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 [F] Diseases Research  / PubMed Research Articles  /
Sex and genetic background influence Superoxide dismutase (cSOD) related phenotypic variation in Drosophila melanogaster.




G3 (Bethesda, Md.) 2017 Jun 18; ()


Lessel CE1; Parkes TL2; Dickinson J3; Merritt TJS4;

Author Information
  • 1Laurentian University.
  • 2Nipissing University.
  • 3Laurentian University.
  • 4Laurentian University; tmerritt@laurentian.ca.


Mutations often have drastically different effects in different genetic backgrounds; understanding a gene's biological function then requires an understanding of its interaction with genetic diversity. The antioxidant enzyme cytosolic superoxide dismutase, cSOD, catalyzes the dismutation of the superoxide radical, a molecule that can induce oxidative stress if its concentration exceeds cellular control. Accordingly, Drosophila melanogaster lacking functional cSOD exhibit a suite of phenotypes including decreased longevity, hypersensitivity to oxidative stress, impaired locomotion, and reduced NADP(H) enzyme activity in males. To date, cSOD-null phenotypes have primarily been characterized using males carrying one allele, cSod(n108)red, in a single genetic background. We used analysis of variance, and the effect size partial eta squared, to partition the amount of variation attributable to cSOD activity, sex, and genetic background across a series of life history, locomotor, and biochemical phenotypes associated with the cSOD-null condition. Overall, the results demonstrate that the cSOD-null syndrome is largely consistent across sex and genetic background, but also significantly influenced by both. The sex-specific effects are particularly striking and our results support the idea that phenotypes cannot be considered fully defined if they are examined in limited genetic contexts.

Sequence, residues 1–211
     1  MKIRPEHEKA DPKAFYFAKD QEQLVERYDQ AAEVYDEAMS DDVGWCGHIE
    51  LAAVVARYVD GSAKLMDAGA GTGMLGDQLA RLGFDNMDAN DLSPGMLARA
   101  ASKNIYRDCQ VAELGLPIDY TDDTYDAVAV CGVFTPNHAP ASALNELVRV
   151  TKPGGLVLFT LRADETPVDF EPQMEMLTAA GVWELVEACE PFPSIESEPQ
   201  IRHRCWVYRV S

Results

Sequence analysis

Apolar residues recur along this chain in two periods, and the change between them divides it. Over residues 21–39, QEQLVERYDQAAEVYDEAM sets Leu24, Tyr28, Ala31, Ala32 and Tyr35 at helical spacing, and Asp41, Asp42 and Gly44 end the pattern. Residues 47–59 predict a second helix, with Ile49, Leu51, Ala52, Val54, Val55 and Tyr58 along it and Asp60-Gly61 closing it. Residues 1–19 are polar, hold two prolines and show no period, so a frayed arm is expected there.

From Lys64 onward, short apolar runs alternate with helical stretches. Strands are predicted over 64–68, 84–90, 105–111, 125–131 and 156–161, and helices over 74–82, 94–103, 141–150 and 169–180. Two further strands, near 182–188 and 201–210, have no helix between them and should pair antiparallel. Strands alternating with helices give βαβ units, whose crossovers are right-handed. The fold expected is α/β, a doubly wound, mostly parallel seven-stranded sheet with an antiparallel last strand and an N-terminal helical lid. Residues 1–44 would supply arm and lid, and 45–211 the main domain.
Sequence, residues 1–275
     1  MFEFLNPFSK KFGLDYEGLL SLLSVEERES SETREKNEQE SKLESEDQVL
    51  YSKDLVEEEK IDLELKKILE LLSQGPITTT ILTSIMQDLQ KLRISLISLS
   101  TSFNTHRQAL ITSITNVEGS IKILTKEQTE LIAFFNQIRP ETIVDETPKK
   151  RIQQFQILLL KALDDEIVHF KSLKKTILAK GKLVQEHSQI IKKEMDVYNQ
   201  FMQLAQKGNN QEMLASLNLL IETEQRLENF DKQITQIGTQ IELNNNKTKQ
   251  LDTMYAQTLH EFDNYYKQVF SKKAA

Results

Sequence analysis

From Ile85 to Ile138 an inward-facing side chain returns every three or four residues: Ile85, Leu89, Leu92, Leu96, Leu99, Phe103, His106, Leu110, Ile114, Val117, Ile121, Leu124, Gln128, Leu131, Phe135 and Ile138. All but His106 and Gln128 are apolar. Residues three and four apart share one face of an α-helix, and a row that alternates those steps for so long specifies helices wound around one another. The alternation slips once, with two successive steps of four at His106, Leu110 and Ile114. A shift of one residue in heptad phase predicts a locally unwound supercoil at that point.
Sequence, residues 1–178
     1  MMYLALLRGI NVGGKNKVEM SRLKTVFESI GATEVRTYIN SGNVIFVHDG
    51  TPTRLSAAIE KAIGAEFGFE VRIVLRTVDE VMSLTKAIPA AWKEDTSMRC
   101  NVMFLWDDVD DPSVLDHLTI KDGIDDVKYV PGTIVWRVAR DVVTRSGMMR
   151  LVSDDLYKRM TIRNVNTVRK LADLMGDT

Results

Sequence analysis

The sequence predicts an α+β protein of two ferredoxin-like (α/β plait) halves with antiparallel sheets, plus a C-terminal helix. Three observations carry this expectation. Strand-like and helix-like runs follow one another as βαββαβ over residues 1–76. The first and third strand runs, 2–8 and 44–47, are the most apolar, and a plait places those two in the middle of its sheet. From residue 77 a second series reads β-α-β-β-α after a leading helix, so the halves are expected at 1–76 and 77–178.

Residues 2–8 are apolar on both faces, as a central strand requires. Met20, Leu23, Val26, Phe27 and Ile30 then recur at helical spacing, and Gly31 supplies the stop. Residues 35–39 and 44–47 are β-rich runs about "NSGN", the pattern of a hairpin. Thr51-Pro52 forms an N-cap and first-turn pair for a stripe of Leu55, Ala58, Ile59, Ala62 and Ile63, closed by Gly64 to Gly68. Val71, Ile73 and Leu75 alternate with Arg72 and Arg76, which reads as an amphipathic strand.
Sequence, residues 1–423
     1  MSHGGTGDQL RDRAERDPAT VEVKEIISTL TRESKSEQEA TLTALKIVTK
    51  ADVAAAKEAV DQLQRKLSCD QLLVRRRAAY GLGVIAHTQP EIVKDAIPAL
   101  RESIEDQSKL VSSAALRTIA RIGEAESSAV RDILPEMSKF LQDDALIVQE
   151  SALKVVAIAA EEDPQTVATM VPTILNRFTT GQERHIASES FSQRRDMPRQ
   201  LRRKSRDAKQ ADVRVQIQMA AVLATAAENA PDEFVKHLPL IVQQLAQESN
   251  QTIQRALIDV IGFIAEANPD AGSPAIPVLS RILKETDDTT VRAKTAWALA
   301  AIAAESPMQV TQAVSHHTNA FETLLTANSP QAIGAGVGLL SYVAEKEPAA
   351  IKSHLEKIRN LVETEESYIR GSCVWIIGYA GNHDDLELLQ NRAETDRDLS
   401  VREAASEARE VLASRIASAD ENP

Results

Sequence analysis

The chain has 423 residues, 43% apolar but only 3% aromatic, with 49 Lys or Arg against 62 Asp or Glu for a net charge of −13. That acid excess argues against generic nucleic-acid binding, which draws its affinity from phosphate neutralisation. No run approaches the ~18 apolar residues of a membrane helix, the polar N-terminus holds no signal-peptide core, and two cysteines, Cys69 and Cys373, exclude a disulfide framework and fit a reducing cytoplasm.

Copyright © 2017 Author et al.




Publication Type: Journal Article

This article is licensed under the the National Library of Medicine License. It uses material from the PubMed National Library of Medicine Data.

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